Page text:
Sources: PubMed
Keywords:  adsorption, mass spectrometry,hydrogen,peptides,
Title: Sequence specific association of tryptic peptides with multiwalled carbon nanotubes: effect of localization of hydrophobic residues.
Abstract:
A model-free approach has been used to study the association of peptides onto multiwalled carbon nanotubes (MWCNT) in aqueous solution at ambient pH to understand the molecular basis of interaction of the peptides with MWCNT. The peptides obtained by tryptic digestion of cytochrome P450cam from P. putida were allowed to interact with MWCNT, and several peptides were found to bind to the nanotube leading to formation of stable homogeneous dispersion of the bionano conjugates of MWCNT. The peptides bound to the MWCNT were separated from the unbound peptides and sequence analyses by tandem MS/MS technique identified the strongly bound peptides as well as the unbound and the weakly bound peptides. The peptide-MWCNT conjugate was further characterized by TEM as well as Raman, FTIR, vis-NIR absorption, and circular dichroism spectroscopy. A model based on the hydrophobicity of residues in the peptides suggested that the amphiphilic peptides with localized hydrophobic residues at the center or at one end of the sequence form stable dispersions of the peptide-MWCNT conjugates.

Sources: PubMed
Keywords: nanotubes,peptides,
Title: Phage display selection of peptides that home to atherosclerotic plaques: IL-4 receptor as a candidate target in atherosclerosis.
Abstract:
Imaging or drug delivery tools for atherosclerosis based on the plaque biology are still insufficient. Here, we attempted to identify peptides that selectively home to atherosclerotic plaques using phage display. A phage library containing random peptides was ex vivo screened for binding to human atheroma tissues. After three to four rounds of selection, the DNA inserts of phage clones wer sequenced. A peptide sequence, CRKRLDRNC, was the most frequently occurring one. Intravenously injected phage displaying the CRKRLDRNC peptide was observed to home to atherosclerotic aortic tissues of low-density lipoprotein receptor-deficient (Ldlr-/-) mice at higher levels than to normal aortic tissues of wild-type mice. Moreover, a fluorescein- or radioisotope-conjugated synthetic CRKRLDRNC peptide, but not a control peptide, homed in vivo to atherosclerotic plaques in Ldlr(-/-) mice, while homing of the peptide to other organs such as brain was minimal. The homing peptide co-localized with endothelial cells, macrophages and smooth muscle cells a mouse and human atherosclerotic plaques. Homology search revealed that the CRKRLDRNC peptide shares a motif of interleukin-receptor (IL-4) that is critical for binding to its receptor. The peptide indeed co-localized with IL-4 receptor (IL-4R) at atherosclerotic plaques. Moreover, the peptide bound to cultured cells expressing IL-4R on the cell surface and the binding was inhibited by the knock-down of IL-4R. These results show that the CRKRLDRNC peptide homes to atherosclerotic plaques through binding to IL-4R as its target and may be a useful tool for selective drug delivery and molecular imaging of atherosclerosis.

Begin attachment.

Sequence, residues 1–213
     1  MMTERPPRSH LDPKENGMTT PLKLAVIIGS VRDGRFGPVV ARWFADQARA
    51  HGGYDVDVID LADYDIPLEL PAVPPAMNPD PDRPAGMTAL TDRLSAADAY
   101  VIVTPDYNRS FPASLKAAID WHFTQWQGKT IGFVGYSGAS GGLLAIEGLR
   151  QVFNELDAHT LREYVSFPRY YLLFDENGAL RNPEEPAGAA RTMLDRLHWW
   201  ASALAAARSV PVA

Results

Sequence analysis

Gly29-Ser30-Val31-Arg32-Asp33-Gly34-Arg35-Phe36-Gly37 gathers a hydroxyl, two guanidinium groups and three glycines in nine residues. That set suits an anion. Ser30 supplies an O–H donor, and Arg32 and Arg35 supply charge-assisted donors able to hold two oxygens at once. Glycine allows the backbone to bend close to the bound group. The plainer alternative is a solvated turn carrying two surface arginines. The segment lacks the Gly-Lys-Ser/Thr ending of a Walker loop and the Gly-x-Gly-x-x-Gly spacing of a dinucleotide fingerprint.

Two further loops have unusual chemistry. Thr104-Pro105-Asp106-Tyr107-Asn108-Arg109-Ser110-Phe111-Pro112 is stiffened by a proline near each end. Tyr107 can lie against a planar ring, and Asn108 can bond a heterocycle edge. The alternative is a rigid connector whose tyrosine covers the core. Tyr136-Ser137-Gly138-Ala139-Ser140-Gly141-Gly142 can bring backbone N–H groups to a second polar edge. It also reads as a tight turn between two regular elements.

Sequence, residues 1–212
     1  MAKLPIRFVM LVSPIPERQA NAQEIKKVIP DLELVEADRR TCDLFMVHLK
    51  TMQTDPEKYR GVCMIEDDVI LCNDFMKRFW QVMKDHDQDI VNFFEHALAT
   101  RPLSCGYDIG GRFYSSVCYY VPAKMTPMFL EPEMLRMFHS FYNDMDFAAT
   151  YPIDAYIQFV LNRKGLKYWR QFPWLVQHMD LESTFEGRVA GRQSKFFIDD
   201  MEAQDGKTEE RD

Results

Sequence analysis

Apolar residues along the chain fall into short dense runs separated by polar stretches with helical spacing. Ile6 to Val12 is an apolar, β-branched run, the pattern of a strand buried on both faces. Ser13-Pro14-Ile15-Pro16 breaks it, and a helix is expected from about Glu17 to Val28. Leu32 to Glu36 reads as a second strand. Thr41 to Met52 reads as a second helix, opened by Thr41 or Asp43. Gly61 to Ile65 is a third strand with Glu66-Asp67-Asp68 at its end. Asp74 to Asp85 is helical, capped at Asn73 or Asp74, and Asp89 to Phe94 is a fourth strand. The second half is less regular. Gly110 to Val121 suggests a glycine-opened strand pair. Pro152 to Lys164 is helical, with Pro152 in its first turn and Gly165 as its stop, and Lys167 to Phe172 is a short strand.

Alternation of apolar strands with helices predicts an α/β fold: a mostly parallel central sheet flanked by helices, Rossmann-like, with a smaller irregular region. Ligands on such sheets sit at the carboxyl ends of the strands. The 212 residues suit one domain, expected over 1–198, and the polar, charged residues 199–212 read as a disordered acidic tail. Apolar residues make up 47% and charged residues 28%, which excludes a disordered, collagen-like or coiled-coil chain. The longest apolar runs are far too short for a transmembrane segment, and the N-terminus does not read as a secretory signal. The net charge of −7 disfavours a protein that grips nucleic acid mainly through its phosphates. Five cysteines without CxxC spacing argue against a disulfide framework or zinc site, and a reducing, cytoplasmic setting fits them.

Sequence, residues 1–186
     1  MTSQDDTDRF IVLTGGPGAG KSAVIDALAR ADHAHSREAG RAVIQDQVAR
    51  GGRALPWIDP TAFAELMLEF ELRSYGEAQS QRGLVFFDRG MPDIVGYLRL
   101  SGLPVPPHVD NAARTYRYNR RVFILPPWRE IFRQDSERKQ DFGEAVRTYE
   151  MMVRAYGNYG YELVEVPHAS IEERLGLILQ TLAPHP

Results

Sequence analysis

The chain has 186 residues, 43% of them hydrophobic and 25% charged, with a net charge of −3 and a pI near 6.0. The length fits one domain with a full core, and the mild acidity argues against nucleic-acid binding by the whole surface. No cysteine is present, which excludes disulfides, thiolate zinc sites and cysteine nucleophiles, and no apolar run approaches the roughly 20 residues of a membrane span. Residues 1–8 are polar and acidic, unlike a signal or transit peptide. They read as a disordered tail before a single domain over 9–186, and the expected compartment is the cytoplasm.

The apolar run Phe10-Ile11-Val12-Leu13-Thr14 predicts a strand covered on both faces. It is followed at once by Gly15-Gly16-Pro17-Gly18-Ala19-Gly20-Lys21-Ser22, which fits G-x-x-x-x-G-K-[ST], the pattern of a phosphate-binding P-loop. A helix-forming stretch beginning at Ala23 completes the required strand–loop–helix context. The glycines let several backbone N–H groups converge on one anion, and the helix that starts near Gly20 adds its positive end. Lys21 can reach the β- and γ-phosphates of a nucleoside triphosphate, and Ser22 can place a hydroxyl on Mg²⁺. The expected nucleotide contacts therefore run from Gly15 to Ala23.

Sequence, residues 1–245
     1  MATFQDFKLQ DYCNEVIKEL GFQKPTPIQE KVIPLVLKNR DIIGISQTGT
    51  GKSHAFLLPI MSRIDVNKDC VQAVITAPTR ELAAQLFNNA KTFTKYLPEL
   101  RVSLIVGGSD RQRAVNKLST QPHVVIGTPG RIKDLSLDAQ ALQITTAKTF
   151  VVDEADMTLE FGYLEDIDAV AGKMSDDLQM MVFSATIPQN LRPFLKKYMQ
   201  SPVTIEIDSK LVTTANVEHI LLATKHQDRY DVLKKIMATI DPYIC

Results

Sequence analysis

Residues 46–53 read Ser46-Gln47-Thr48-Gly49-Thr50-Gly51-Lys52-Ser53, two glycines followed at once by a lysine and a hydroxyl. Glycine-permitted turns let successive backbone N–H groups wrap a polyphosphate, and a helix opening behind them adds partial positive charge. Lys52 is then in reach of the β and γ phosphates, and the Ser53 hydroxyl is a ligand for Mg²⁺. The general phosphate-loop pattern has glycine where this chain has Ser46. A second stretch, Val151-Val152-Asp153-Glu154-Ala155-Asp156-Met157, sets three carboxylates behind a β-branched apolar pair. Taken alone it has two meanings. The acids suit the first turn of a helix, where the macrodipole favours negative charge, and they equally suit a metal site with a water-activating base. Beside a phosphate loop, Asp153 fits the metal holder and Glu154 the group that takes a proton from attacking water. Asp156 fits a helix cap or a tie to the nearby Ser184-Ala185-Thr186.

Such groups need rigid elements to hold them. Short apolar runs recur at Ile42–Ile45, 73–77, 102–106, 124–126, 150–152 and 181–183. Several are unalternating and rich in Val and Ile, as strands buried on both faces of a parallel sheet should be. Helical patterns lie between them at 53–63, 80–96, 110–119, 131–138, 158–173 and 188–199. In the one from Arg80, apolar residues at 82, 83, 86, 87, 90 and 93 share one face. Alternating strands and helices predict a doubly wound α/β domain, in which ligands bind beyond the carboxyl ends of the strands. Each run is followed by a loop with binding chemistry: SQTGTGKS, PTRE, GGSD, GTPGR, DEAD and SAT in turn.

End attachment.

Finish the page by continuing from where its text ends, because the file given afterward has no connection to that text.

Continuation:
Sources: PubMed
Keywords: receptors,dna,peptides,phage display,
Title: Oxetanyl peptides: novel peptidomimetic modules for medicinal chemistry.